Thinking About Commitments

My friend Jeff Hlavin wrote an article about making commitments. This is good stuff!

1. I cannot expect the strength of an emotion to turn a decision into a commitment.

Confusing a crisis with a commitment is a mistake — commitment can come out of a crisis, but the two are not the same thing.

2. I do not need to try to feel committed in order to validate a commitment.

True commitment shows itself in the very absence of feelings; any immature person can do what they feel like doing.

3. A commitment is best made by approaching the Lord out of the confidence that He wants to help me, rather than making elaborate promises to Him.

4. My best commitments come out of making specific, knowledgeable and attainable goals.

5. I need to ask for help from others whenever I need to do so,

6. Gaining a vision of myself accomplishing my commitments is a key to having them worked into my character.

If you are near Cedar Springs this Sunday, February 5, I am excited to invite you to come hear Jeff Hlavin speak at Calvary Assembly of God. We’ll get things rolling at 10:30am. Please come and join us!

Thursdays With Oswald—Am I Anti-Christ?

This is a weekly series with things I’m reading and pondering from Oswald Chambers. You can read the original seed thought here, or type “Thursdays With Oswald” in the search box to read more entries.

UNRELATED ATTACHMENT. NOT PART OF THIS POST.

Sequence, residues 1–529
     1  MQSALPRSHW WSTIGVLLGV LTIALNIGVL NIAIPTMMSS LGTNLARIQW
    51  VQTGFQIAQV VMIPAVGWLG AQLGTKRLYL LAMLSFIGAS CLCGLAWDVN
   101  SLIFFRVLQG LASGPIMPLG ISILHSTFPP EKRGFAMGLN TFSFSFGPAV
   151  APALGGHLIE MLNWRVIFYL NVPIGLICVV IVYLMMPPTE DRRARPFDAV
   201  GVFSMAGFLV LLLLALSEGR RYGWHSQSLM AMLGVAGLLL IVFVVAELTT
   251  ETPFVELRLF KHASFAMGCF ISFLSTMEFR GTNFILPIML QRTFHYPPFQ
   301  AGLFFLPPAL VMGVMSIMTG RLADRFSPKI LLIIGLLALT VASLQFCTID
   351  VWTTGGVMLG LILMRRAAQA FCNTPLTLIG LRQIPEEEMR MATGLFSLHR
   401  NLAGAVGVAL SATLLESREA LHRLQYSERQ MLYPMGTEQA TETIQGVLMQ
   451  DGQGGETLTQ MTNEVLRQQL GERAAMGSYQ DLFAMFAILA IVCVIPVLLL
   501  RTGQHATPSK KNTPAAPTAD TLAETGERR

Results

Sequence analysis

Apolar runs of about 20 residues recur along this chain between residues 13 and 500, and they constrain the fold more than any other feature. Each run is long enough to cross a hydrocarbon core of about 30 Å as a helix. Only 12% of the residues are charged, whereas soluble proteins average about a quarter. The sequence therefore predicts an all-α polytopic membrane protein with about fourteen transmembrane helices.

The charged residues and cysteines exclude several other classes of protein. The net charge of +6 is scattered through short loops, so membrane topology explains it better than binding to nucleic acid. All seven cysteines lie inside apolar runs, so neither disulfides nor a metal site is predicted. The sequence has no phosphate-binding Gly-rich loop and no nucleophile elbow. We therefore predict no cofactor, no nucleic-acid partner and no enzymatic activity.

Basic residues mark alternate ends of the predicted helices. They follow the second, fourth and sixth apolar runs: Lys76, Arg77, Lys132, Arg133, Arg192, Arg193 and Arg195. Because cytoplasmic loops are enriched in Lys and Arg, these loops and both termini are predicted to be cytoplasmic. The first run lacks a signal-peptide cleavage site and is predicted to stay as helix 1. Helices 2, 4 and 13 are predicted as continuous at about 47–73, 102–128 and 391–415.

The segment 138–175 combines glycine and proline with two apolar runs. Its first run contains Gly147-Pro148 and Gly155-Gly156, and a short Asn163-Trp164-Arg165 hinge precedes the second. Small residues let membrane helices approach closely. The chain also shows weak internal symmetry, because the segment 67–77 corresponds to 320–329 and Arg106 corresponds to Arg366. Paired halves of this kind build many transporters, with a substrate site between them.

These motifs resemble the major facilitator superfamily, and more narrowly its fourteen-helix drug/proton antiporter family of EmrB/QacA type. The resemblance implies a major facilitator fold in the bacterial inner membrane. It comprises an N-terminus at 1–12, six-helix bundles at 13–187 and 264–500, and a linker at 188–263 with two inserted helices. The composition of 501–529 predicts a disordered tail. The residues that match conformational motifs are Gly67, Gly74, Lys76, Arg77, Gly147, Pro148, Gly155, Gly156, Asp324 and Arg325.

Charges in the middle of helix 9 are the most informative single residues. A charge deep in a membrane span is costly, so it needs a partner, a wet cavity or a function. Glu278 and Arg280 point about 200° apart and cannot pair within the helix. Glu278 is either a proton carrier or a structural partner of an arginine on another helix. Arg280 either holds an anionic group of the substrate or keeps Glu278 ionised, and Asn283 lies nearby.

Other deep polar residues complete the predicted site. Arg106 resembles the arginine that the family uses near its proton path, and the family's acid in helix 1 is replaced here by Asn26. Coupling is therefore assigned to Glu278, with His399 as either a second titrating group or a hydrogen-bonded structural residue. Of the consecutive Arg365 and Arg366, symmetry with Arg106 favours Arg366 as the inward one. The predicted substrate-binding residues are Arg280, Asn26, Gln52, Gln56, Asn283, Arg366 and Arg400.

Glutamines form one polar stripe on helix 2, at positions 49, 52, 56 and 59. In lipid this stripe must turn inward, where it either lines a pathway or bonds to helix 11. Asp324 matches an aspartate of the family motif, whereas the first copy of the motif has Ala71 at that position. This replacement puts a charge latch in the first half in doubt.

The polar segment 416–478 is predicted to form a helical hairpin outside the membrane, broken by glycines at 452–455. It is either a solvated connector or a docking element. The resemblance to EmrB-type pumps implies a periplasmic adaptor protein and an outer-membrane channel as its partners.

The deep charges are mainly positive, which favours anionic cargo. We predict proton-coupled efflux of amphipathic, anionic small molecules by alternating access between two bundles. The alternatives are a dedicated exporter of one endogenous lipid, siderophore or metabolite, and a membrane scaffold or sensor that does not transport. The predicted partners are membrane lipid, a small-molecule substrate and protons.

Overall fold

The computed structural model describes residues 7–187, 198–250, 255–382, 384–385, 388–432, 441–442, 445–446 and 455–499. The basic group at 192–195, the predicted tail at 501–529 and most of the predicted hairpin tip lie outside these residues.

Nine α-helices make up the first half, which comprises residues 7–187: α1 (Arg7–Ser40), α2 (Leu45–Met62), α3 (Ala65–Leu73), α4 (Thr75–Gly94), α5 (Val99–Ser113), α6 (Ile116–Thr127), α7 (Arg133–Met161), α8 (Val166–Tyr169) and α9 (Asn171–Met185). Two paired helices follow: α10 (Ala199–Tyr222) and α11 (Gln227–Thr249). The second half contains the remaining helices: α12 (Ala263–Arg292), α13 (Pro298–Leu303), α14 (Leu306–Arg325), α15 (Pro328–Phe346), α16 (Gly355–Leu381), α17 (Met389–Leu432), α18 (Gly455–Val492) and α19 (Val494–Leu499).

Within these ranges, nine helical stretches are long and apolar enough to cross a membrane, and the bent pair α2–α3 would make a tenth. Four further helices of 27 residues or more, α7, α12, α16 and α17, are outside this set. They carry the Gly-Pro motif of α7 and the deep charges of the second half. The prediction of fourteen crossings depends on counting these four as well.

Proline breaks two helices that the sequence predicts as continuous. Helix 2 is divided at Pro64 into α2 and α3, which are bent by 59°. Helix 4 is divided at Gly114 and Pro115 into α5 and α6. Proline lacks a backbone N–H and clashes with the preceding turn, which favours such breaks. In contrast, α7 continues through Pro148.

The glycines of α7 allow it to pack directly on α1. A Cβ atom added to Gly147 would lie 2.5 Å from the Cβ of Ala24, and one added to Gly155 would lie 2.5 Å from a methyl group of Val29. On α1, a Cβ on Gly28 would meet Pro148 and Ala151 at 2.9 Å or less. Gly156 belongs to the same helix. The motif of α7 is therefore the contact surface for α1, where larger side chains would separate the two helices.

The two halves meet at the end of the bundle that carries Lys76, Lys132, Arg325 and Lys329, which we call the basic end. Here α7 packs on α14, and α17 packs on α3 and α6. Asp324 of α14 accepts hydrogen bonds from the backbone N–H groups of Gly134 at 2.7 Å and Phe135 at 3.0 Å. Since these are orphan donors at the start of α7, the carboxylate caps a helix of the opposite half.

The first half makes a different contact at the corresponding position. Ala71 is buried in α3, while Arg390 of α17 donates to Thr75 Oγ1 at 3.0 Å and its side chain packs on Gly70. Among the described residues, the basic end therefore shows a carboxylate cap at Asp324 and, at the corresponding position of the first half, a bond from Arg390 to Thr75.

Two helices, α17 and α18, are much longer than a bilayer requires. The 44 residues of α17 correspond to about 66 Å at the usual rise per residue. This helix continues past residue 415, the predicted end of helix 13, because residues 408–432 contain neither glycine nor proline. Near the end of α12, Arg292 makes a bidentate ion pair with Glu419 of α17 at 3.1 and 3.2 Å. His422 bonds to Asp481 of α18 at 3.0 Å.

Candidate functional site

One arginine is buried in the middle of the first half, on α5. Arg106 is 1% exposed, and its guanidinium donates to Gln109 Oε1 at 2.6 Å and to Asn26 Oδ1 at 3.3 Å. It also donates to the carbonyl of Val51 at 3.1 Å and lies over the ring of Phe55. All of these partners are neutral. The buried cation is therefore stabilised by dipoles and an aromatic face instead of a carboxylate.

Am I Being Anti-Christ?

     Christianity is not consistency to conscience or to convictions; Christianity is being true to Jesus Christ. Over and over again a man’s personal relationship to Jesus Christ gets into his convictions and splits them, like new wine put into old wine-skins, and if he sticks to his convictions before long he will become anti-Christ. The standard for my conscience and for the conscience of the whole human race is the Cross, and if I do not take care to rectify my individual conscience by the Cross I become “persnickety” and end in criticizing God. The standard for the Christian is never—Is this thing right or wrong? but, is it related to the blood and passion and agony of the Cross of Christ?

From Biblical Ethics

 Every time I read God’s Word, or the Holy Spirit challenges me on my paradigm, I have a choice to make: am I going to try to justify my position, or am I going to submit to His position?

It’s a tough word, but it is right on target. If I persist in sticking with what I know is right, and I disregard the voice of the Holy Spirit, I am becoming anti-Christ and pro-Me.

I must die to my own agenda, so that He may live fully in me.

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